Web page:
Cracking the code? Hints Forest City modular factory will change from high-rise residential to building components
Time will tell, but there are signs that the future of modular will not be towers like the B2 high-rise at Dean Street and Flatbush Avenue, but rather more modest efforts from the modular arm of Forest City Ratner,
That's why I consider overblown the observation, in a Real Deal profile of former Forest City executive Melissa Burch, regarding Forest City's "once-faltering experiment with modular construction." Heck, they're still making interior repairs on modules that were supposed to have been delivered complete. That's hardly steady.
The BD & C also hints at some major changes in factory output, from modules aimed at high-rise apartments in New York City--remember, Forest City claimed to have "cracked the code" regarding high-rise modular--to less ambitious components for non-residential projects that could go outside the city.
So too does a Real Deal article, The Future of NYC Real Estate, that cites Susan Hayes, president of FC Modular, in paraphrase as anticipating that modular will "become a mainstream method for multi-family homes, hospitals and dormitories in the next five to 10 years."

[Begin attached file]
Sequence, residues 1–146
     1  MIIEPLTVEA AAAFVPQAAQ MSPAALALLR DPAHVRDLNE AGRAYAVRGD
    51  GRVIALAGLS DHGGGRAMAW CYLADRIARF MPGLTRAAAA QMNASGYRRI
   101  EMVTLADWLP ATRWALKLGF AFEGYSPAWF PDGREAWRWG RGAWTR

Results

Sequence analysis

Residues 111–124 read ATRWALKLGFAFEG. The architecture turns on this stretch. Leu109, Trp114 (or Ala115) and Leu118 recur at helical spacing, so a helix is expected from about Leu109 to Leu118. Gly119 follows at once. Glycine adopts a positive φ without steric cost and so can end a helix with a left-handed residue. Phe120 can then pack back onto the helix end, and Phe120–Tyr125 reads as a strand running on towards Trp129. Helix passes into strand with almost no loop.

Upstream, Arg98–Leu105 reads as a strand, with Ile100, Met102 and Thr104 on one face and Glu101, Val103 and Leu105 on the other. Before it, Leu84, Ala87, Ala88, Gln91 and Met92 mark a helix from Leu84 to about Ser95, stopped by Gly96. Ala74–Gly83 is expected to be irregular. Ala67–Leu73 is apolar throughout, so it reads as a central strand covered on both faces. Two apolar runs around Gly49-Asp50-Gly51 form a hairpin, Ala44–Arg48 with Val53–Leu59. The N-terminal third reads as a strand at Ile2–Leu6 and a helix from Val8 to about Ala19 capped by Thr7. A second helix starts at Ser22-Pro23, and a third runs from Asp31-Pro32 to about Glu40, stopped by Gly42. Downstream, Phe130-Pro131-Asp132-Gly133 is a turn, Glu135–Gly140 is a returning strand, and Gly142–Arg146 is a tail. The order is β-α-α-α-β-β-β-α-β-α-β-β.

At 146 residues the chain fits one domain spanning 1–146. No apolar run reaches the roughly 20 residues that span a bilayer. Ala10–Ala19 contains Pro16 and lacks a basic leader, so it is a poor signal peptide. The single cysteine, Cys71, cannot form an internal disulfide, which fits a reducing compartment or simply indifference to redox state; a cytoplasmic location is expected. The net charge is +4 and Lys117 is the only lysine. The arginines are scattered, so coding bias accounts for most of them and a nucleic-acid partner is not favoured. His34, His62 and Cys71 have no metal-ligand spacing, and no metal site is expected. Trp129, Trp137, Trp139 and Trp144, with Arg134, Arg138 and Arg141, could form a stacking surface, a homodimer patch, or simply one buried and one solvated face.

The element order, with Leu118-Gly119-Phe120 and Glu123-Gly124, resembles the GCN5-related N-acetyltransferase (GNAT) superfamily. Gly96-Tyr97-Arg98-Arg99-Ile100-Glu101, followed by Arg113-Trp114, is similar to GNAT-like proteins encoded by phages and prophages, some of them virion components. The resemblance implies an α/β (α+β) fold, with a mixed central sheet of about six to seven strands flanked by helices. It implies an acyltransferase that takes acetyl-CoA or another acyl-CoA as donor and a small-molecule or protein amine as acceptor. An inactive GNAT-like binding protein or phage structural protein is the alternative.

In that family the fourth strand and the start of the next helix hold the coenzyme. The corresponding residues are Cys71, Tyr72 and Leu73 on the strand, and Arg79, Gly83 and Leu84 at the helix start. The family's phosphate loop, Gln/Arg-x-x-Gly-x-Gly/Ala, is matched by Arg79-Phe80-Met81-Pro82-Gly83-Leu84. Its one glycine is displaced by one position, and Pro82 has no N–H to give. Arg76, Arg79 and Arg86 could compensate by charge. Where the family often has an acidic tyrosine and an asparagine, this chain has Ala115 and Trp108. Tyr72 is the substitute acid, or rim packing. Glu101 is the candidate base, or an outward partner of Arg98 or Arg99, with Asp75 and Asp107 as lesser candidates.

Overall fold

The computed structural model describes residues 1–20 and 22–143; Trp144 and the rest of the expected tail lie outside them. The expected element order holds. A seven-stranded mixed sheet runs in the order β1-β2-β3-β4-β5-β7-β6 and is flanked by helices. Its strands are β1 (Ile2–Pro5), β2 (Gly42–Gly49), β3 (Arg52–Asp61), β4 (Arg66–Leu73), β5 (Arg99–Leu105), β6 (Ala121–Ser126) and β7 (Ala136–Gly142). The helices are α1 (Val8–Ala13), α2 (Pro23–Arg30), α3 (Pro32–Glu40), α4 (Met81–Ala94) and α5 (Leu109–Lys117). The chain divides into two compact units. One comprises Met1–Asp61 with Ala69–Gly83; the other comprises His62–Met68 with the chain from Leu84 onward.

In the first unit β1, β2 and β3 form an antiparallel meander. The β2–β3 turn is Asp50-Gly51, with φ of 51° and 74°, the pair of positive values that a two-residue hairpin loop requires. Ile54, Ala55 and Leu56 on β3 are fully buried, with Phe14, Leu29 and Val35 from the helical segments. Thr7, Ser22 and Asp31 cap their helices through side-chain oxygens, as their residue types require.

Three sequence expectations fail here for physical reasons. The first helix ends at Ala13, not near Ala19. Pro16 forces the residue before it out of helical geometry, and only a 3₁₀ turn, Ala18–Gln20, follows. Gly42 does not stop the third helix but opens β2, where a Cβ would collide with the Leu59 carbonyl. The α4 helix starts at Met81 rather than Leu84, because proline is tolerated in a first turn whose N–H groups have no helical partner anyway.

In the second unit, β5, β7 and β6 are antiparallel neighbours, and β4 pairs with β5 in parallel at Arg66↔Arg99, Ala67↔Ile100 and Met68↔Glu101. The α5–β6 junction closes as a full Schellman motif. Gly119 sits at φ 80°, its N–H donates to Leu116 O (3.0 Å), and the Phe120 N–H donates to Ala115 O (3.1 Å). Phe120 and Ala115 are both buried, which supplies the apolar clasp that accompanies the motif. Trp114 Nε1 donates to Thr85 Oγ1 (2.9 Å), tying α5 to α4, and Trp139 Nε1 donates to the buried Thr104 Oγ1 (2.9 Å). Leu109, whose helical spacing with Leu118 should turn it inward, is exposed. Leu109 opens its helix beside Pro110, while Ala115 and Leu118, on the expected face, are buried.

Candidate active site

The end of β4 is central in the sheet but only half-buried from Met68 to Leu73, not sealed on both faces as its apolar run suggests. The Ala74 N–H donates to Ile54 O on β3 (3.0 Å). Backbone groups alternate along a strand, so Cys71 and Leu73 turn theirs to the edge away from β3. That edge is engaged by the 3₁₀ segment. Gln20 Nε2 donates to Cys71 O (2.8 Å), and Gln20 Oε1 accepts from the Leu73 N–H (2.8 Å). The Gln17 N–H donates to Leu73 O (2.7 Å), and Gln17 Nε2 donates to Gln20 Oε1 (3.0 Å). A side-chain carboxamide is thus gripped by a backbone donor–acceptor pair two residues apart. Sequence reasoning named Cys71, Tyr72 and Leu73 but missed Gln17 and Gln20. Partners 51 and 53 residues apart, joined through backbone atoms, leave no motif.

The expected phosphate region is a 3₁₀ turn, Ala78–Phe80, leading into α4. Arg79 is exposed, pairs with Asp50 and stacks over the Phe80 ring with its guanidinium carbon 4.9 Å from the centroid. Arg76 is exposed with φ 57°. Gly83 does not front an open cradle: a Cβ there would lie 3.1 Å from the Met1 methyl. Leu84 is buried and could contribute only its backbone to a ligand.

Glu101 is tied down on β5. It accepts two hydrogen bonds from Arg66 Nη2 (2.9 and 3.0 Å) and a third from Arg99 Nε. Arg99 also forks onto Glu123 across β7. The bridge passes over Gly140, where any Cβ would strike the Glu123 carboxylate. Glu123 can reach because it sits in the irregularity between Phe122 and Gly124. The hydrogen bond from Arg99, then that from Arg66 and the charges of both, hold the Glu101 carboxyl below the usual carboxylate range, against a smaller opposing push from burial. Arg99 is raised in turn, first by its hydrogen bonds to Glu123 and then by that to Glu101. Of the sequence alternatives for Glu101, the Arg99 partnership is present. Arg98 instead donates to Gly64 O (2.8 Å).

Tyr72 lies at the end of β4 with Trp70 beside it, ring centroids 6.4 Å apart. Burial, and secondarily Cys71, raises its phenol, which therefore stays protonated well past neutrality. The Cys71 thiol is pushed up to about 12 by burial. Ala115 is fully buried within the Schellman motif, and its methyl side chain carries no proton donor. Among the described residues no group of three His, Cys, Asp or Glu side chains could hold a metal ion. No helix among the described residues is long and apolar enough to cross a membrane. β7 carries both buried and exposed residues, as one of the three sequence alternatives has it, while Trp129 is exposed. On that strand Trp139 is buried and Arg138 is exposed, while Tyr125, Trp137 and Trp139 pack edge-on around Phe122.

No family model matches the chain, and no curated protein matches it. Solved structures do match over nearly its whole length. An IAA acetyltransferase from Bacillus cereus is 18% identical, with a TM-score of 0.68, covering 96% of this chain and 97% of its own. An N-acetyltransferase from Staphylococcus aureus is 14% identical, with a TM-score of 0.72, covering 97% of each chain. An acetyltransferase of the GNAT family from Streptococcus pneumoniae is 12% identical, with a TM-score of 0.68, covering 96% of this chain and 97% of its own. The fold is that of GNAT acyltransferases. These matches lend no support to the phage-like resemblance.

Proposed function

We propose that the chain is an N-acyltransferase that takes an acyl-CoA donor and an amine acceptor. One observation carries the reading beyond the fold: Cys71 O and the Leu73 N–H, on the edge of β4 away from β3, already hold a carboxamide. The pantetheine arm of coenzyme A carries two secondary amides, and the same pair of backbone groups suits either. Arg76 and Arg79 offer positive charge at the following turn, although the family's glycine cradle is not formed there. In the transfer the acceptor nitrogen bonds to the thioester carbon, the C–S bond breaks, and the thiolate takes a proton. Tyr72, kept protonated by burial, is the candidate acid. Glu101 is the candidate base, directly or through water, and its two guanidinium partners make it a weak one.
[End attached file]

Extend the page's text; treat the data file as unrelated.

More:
FC Modular might seem to be faltering too; on 11/30/15, it offered a 90-day warning that it may lay off some or all 220 workers (194 of them union) from its Brooklyn Navy Yard factory once modules are finished for the B2 tower at 461 Dean Street, next to the Barclays Center.
That's vague, but it does contrast significantly with Forest City Ratner CEO MaryAnne Gilmartin's March 2014 claim that the company was "beseiged" with interest from developers.
“The difference today for FC Modular is that we are not an indoor construction company; we are [instead] an assembly plant with the same quality controls and standards for excellence as any other factory,” Hayes told the magazine.
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The Real Deal article indeed backs up that conclusion, quoting (in paraphrase) Joseph Maraia of Lend Lease as saying said prefab bathrooms could save 10 percent, but "the difficulty in transporting large prefabricated materials throughout the city will likely impede the proliferation of full-building modular construction. "
|From the Opportunity Brief|